The Obama coalition of 2008 has begun to fracture with independents, women and college educated voters bolting to Republicans and the youth vote seemingly uninterested in this election. But perhaps the most critical change took place in suburbia. This was particularly evident last week in southeastern Pennsylvania, especially in the suburban Philadelphia counties. read more »
Laura Jean Berger worked on the Congressional Campaign of Assemblyman Van Tran. This is her account of the results.
Energy and free beer flowed through Assemblyman Van Tran's campaign headquarters, the crowd anxiously building with anticipation each time Fox News reported another House seat for the Republicans. Every major network's live trucks crowded the parking lot of the converted Blockbuster video store, their cameras trained on a stage set for a victory speech. read more »
Two years ago I hailed Barack Obama’s election as “the triumph of the creative class.” Yesterday everything reversed, as middle-class Americans smacked down their putative new ruling class of highly educated urbanistas and college town denizens. read more »
Calgary municipal politics rarely makes news outside of the city. Going into this year’s municipal election, I had reason to believe this would change. I came to Calgary to manage the campaign of the runner up from the last election. He is a Muslim (specifically Ishmaili), and an outsider to the political establishment. People told me there's no way someone like that could be elected in Calgary. I’m happy to say that they were proven wrong. Unfortunately, I had nothing to do with this. read more »
In recent decades, an unprecedented variation has developed in the price of new tract housing on the fringe of US metropolitan markets. Nearly all of this difference is in costs other than site preparation and construction, which indicates rising land and regulation costs. read more »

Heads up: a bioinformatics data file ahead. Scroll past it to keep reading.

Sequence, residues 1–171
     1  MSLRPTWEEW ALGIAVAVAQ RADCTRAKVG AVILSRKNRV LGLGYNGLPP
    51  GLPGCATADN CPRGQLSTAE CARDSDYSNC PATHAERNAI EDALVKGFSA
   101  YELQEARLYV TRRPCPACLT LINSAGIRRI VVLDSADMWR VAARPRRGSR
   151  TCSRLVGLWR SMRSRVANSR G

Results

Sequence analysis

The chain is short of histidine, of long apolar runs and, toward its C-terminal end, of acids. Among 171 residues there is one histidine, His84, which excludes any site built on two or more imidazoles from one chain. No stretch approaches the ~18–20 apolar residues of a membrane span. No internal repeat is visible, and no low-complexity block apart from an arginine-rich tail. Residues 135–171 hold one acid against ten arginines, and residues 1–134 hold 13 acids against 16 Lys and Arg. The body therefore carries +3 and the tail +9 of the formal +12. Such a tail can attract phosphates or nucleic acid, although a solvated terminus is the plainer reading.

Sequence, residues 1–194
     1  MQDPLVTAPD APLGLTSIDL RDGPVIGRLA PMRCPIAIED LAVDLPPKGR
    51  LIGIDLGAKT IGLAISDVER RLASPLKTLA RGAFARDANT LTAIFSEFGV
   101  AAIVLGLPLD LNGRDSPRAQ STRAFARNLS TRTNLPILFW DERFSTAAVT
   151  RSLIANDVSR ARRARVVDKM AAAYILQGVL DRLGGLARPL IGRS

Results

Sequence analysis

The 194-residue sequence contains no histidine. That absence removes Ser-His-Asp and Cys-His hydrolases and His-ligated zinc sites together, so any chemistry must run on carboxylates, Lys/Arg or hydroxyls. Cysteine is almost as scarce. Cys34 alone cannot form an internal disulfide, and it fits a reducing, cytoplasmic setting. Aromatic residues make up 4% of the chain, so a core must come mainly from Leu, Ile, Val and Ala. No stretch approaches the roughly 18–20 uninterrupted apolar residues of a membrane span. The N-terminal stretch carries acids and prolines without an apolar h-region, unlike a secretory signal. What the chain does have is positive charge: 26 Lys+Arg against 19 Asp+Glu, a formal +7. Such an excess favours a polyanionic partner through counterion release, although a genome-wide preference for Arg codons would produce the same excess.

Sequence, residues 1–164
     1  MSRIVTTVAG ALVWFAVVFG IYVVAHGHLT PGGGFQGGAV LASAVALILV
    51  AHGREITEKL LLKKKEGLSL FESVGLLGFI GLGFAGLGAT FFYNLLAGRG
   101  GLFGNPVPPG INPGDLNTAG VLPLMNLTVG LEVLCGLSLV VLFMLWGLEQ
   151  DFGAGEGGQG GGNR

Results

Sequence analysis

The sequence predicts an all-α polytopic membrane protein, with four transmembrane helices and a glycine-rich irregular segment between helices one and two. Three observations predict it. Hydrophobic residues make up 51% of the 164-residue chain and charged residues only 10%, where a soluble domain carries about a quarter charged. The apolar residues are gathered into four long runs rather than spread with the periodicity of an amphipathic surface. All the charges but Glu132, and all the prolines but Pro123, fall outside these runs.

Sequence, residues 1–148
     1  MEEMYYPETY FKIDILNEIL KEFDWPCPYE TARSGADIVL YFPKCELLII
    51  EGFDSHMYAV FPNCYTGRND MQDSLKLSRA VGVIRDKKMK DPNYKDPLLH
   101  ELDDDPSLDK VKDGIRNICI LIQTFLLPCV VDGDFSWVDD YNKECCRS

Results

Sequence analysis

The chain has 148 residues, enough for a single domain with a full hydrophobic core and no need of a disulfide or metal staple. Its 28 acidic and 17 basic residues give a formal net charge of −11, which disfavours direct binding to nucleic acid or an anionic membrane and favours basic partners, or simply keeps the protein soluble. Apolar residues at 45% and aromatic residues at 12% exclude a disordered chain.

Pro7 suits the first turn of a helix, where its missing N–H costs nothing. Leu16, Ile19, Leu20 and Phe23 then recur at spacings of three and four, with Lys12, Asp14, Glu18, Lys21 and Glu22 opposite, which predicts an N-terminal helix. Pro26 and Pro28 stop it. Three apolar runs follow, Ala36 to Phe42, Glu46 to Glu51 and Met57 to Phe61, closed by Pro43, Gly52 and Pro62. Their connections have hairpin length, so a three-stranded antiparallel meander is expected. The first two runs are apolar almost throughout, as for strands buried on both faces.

I recently returned to Orange County after a decade’s absence, fully aware that a stereotype of all-white, card-carrying-John Birchers still exists among many who remain unfamiliar with facts on the ground here.
I never bought that old saw in the first place.
And now, on a second venture into OC, I’m amazed by how deeply those old stereotypes have been buried under the accumulated accomplishments of everyday folks. read more »
Ideologues may set the tone for the national debate, but geography and demography determine elections.
In America, the dominant geography continues to be suburbia – home to at least 60 percent of the population and probably more than that portion of the electorate. Roughly 220 congressional districts, or more than half the nation’s 435, are predominately suburban, according to a 2005 Congressional Quarterly study. This is likely to only increase in the next decade, as Millennials begin en masse to enter their 30s and move to the periphery. read more »
As we head to the unpredictable 2010 elections, many pundits have been left scratching their heads and admitting that they really have no idea how this election is going to turn out. Nate Silver, today’s most careful analyst of election statistics and forecasting, examined a variety of indicators and concluded that there were more closely contested and hard-to-predict congressional races this election than ever before. read more »
But isn’t it great news for the environment that we are having fewer children?”
We should always stress the positive in life. Were it not for the dramatic slowdown in birthrates that began the late 1960s and 70s, the apocalyptic warnings of overpopulation then voiced Paul Ehrlich, the Club of Rome, and many others could well have come true in short order. We are lucky that they did not. But it is not clear the “the planet” is any better off as a consequence. read more »
With the rising tide of terrorist threats across Europe, one can somewhat understandably expect a surge in Islamophobia across the West. Yet in a contest to see which can be more racist, one would be safer to bet on Europe than on the traditional bogeyman, the United States.
One clear indicator of how flummoxed Europeans have become about diversity were the remarks last week by German Chancellor Angela Merkel saying that multi-culturalism has “totally failed” in her country, the richest and theoretically most capable of absorbing immigrants. “We feel tied to Christian values,” the Chancellor said. “Those who don’t accept them don’t have a place here.” read more »